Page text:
There is a classic TedTalk featuring Brené Brown, in which she points out that “we cannot selectively numb emotion.” In other words, if you are numbing yourself emotionally to something that bothers you, you have to numb yourself on all other levels as well.
Back when I was a young professional bass player, I was all too aware of this phenomenon. Playing music demands extreme emotional “engagement,” but I can vividly recall those occasions where various workplace irritants would force me to “numb up.” My colleagues and I would collectively cope by simply delivering the bare minimum performance needed to get paid.
Some may call this unprofessional. To us in the orchestra, it felt like justice. If a manager or conductor failed to appreciate us as craftspeople, artists, and human beings, this was not suffered lightly. (Sometimes our reactions went from numbness to outright vengeful sabotage. Playing music for money exposes one’s vulnerability in a major way, and hell hath no fury like a bass player scorned.)
So when I found myself on the other side of the hiring/management fence, my highest priority was not to “motivate” anyone. That, I knew, was a given. The real trick to getting top performance out of my “team” was to remove any irritants that might force them to “numb up” and drop their preferred ultra-high performance level in order to survive my work environment.
For example, one thing I learned the hard way: never mix first-raters with second raters. If you ask a first-rater to do a team-oriented task with a second-rater, that first-rater is going to get irritated. For first-raters, working with second-raters is extremely painful. If the first-rater doesn’t quit and leave you and your second rater all on your own, they will numb up to cope, and become functionally second-rate themselves.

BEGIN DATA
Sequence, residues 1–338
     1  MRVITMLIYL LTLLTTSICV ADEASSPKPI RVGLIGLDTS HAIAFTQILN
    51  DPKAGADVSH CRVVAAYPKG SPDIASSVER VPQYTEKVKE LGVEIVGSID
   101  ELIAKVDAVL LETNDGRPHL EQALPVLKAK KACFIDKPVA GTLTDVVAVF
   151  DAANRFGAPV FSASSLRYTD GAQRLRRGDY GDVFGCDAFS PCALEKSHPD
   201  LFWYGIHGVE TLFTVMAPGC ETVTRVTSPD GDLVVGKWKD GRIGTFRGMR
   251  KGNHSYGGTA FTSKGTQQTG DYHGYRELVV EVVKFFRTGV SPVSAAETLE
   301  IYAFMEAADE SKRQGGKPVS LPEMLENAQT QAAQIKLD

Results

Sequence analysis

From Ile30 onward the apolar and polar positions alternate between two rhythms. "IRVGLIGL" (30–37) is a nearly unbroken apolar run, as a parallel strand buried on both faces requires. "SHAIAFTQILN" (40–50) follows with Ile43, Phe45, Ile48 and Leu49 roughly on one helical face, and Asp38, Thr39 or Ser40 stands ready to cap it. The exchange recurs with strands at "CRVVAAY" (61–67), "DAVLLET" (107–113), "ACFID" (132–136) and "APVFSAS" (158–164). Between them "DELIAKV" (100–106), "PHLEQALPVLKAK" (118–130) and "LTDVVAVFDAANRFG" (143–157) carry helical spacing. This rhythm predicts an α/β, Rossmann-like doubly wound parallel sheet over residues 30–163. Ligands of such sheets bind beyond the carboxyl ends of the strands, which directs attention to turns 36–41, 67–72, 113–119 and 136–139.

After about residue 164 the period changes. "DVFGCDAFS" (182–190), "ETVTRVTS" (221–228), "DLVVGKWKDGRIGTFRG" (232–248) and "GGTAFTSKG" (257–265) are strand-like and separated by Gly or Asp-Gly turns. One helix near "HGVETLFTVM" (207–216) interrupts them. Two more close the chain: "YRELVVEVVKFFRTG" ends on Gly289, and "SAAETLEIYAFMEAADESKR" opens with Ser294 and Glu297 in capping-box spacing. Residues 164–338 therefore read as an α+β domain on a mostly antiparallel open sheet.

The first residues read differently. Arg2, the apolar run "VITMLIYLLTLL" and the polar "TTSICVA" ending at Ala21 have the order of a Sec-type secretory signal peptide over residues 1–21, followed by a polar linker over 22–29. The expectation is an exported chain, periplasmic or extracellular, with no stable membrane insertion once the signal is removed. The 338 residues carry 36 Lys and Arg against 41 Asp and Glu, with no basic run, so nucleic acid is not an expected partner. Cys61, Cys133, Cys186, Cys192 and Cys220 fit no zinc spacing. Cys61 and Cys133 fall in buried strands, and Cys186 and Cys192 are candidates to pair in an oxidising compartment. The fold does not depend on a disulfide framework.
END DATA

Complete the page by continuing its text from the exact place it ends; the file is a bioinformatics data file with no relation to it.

If I may be so bold as to mention the elephant in the living room, managerial apathy or incompetence is a huge contributor to employee numbness. If the way things are being managed is inefficient, or it is causing chronic (unnecessary) boredom or panic, then people have to distance themselves emotionally in order to survive.
Fear is another management tactic that leads to numbness. Playing favorites? The pain of injustice begets numbness. Trust violations? Forget it.
And then there are all sorts of subtle little elements having to do with the careful use of power, such as showing respect and giving people recognition and loyalty. If people are not getting the “strokes” they need from authority figures, that leads to numbness too.
Again, we cannot numb selectively. If your team has to numb themselves in response to a single chronic irritant, they will also shut down everything else, including their concern for what your customers want.
As a manager, I always found that everyone always wanted to come to work and do a good job for me. I had no issues of motivation or engagement in the first ten minutes. It did, however, weigh heavily upon me to not do things that would destroy that gossamer tapestry. That emotional energy did not need to be created, but it did need to be protected.
(About the Author: Justin Locke spent 18 years playing bass in the Boston Pops, and his musical plays are performed all over the world. He is a philosopher, humorist, author, speaker, and coach. He shares an amusing pragmatic approach to personal growth, “people skills,” and management, based on his experience in the world of the performing arts. For more, visit his website at www.justinlocke.com.)
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